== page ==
Butte County Recovers-The official website for Butte County disaster response and recovery

FAQ Topic: Consolidated Debris Removal Program

Can residents be present during the cleanup of their personal property?

The safety of the general public and workers is a priority during debris operations. To prevent safety hazards, the public is encouraged to stay away from areas where debris removal operations are underway. Exclusion zones will be established surrounding the current work area to ensure safety of the public.

My house was destroyed in the fire. Can I go back onto my property to see if I can find any valuables or mementos?

Visiting your property will NOT jeopardize your claims for disaster assistance. Property owners who desire to search for possible salvageable items should do so with caution and with proper protective gear: eye protection, masks, gloves, long-sleeved shirts, and long pants. Residents should minimize contact with fire debris, which may contain materials that can be hazardous … Continued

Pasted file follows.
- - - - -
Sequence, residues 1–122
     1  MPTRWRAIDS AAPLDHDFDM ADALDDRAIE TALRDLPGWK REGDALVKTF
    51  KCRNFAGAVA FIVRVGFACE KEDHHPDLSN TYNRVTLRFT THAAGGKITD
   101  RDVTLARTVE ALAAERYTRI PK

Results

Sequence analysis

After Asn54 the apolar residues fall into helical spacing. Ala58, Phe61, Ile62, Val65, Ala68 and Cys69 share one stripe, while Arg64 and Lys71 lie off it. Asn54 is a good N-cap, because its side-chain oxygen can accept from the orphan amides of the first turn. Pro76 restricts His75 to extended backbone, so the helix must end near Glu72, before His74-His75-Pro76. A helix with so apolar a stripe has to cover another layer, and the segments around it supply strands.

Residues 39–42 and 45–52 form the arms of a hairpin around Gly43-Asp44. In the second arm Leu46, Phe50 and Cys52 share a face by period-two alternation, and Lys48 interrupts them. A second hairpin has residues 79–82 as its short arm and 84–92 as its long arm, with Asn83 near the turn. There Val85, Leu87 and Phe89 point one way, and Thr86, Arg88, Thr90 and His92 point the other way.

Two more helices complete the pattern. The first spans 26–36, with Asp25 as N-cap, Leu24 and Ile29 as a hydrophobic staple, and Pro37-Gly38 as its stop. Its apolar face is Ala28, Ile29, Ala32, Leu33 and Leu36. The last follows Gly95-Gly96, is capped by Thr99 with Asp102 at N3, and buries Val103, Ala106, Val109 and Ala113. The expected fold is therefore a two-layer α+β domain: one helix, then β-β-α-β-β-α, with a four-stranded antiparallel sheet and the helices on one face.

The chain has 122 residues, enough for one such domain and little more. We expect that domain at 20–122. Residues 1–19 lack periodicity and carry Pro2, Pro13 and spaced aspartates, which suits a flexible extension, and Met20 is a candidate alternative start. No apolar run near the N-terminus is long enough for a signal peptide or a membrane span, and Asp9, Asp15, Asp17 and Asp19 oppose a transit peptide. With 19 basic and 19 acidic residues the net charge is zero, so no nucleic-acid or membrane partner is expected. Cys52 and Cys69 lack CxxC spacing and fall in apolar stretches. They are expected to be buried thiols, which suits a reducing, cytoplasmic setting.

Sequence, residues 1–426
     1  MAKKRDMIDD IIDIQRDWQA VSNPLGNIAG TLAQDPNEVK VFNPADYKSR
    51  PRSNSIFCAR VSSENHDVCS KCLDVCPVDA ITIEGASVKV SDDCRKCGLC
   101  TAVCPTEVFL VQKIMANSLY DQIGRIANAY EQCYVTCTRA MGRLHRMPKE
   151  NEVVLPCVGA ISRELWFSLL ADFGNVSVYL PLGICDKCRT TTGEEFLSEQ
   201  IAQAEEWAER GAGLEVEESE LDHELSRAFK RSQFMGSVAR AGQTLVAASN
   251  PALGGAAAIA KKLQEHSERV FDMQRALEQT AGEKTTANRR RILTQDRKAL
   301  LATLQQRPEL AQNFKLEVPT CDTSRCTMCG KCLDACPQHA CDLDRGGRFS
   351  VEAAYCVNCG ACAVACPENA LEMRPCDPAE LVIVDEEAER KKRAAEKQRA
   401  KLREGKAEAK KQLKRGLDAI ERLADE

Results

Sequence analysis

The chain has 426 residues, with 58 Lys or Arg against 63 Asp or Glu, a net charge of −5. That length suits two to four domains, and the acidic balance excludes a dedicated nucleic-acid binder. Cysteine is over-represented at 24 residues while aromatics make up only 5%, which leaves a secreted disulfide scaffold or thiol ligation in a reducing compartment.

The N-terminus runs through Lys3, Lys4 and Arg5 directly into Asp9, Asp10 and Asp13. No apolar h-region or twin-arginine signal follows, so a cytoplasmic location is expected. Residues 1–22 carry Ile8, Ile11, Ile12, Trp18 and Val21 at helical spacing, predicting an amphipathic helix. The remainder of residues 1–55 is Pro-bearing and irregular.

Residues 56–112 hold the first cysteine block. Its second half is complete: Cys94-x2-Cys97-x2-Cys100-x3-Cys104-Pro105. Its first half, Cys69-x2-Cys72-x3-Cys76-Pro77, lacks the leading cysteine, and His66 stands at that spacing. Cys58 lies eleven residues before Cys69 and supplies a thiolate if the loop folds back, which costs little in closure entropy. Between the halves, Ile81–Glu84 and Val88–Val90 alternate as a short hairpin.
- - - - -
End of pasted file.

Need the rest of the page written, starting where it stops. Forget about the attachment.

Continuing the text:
After debris clearance and soil testing, what are the next steps?

Once the DMT have ensured that contractors have removed all debris and soil testing meets California state standards, contractors will return to install erosion control methods. The DMT will then report to your local government that your lot is clear. Your local government will then notify you that your property is safe and ready for … Continued

When will my debris be cleared?

Crews have already begun removal of hazardous household waste. Removal of fire debris, other than hazardous household waste, is scheduled to begin in January of 2019. There are a number of factors that determine when your lot will be scheduled for debris removal. Contractors are responsible for planning their work, based on priorities set by … Continued

What is considered household hazardous waste?

Household hazardous waste is waste from houses that poses a threat to public health, animals, or the environment. Hazardous waste includes chemicals that are ignitable, toxic, corrosive, or reactive. Examples include pool chemicals, car batteries, antifreeze, used oil filters, solvents, fertilizers, pesticides, propane tanks, disinfectants, aerosols, paint, bleach, and ammunition.

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